The 2005 Corporate Treasury Research Program, conducted by Treasury Strategies, indicates that US corporate treasurers are being asked to shoulder expanded strategic responsibilities, such as working capital management and enterprise risk management. The annual survey, based on interviews with 375 treasurers, identifies trends in treasury management. Corporations are beginning to centralize the management of a wide range of financial and non-financial risks, giving corporate treasurers a broader role in risk management as well as other strategic areas such as working capital management. Treasurers also report plans to redistribute operating services among banks this year. The realignment naturally follows recent moves to renegotiate credit facilities to lock in rates for longer terms, as well as the massive consolidation that concentrated cash management in the largest banks. Treasurers continue to place regulatory issues at the top of their most important issues, citing the ongoing demands of Sarbanes-Oxley compliance, which two-thirds of respondents predict will take as much or more time this year than last. Technology issues came second as treasurers report increasing implementation of treasury workstations, software upgrades and electronic payment systems. Risk management ranked third.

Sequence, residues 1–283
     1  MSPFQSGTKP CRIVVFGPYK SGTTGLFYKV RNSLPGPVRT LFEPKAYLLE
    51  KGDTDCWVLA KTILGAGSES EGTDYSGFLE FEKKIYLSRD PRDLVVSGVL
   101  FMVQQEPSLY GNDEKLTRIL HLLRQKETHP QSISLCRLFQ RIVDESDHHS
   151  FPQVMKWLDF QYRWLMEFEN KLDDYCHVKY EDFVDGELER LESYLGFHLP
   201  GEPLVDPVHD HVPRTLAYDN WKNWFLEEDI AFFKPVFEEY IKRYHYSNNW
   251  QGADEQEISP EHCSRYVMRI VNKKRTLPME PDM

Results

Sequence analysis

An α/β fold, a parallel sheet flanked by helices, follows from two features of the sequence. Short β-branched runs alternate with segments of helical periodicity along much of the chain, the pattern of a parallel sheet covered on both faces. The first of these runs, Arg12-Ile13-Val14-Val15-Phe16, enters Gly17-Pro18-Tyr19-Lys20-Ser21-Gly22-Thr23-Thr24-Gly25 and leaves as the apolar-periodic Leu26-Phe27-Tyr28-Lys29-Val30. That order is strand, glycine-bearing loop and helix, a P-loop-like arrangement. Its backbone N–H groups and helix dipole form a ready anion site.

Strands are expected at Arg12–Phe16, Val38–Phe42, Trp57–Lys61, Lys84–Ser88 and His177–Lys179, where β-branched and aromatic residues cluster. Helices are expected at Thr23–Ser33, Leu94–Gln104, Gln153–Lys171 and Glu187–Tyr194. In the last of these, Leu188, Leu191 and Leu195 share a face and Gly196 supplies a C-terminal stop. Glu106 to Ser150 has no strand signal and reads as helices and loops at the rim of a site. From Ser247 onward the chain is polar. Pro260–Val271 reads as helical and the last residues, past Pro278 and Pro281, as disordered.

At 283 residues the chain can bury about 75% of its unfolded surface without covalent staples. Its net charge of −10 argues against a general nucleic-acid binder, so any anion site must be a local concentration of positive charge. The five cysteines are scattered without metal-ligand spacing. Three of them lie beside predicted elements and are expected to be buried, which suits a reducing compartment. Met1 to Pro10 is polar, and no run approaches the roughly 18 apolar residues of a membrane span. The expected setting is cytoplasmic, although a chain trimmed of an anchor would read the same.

A report by broking group Marsh examines the repercussions from the administration of the South Korean company, which filed for bankruptcy protection at the end of August.
Global research by C2FO suggests that smaller businesses are less concerned with the repercussions of Brexit and the upcoming US presidential election.
A squeeze on skilled talent means it now takes an average of seven weeks to fill open permanent roles in finance in the UK according to new research from financial services recruitment firm Robert Half.
Early-stage merger and acquisition deals in Asia-Pacific show nearly 10% year-on-year growth in recent months.